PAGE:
and the Order of St. Anne. That same year he founded the Imperial
Academy of Arts.
foreign policy was centered on preventing foreign intrusion into
Haïtian politics and sovereignty. The independence of the Dominican Republic
(then called Santo Domingo) during the Dominican War of Independence
from Haïti was, in his view, a direct threat to that security. Faustin
launched successive invasions into Dominican territory, in 1849, 1850,
1855 and 1856, each with the objective of seizing the eastern half of
the island and annexing it to Haïti. However, all of the attempts ended
in defeat for the Haïtian Army.
During his reign, Faustin also found himself in direct confrontation with the United States over Navassa Island
which the U.S. had seized on the somewhat dubious grounds that guano
had been discovered there. Faustin dispatched warships to the island in
response to the incursion, but withdrew them after the U.S. guaranteed
Haïti a portion of the revenues from the mining operations.
Faustin's marriage to Empress Adélina produced one daughter, Princess Célita Soulouque. The emperor also adopted Adelina's daughter, Olive, in 1850. She was granted the title of Princess with the style Her Serene Highness. She married Jean Philippe Lubin, Count of Petion-Ville.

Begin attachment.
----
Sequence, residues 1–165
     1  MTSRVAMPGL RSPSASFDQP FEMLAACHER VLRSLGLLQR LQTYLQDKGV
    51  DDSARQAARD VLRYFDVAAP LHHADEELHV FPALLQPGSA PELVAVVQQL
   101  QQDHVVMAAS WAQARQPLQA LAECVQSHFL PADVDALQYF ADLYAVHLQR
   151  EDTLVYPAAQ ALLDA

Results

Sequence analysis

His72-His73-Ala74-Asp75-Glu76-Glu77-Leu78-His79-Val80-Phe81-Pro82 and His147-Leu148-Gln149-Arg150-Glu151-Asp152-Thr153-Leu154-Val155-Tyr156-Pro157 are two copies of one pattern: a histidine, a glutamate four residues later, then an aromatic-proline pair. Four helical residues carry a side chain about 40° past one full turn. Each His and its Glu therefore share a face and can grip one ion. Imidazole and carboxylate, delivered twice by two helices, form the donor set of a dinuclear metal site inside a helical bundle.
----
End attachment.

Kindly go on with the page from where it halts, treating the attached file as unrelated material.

The emperor had one brother, Prince Jean-Joseph Soulouque, who in turn
had eleven sons and daughters. Jean-Joseph's eldest son, Prince
Mainville-Joseph Soulouque, was created Prince Imperial of Haïti and
heir apparent upon the succession of his uncle to the throne, he later
married Marie d'Albert.
Adélina Soulouque, née Leveque, Empress Consort of Haiti, was
the daughter of Marie Michel Lévêque, a Haitian of mixed-race
heritage. She had a long-term relationship with Faustin Souloque for
many years before the marriage ceremony. In December 1849, Adelina
married emperor Faustin, she was given the title of Empress of Haiti
with the style of Her Imperial Majesty, and crowned with her husband at
the capital Port-au-Prince 18th April 1852. Her sister was styled
H.S.H. Princess Clélia.
Exile and death In
1858 a revolution began, led by General Fabre Geffrard, Duc de
Tabara. Geffrard defeated the Imperial Army and seized control of most
of the country. As a result the emperor abdicated his throne on 15
January 1859. Refused aid by the French Legation, Faustin was taken
into exile aboard a British warship on 22 January 1859. Soon
afterwards, the emperor and his family arrived in Kingston, Jamaica,
where they remained for several years.
Allowed to return to Haïti,
Faustin died at Petit-Goâve on 6 August 1867 and was buried at Fort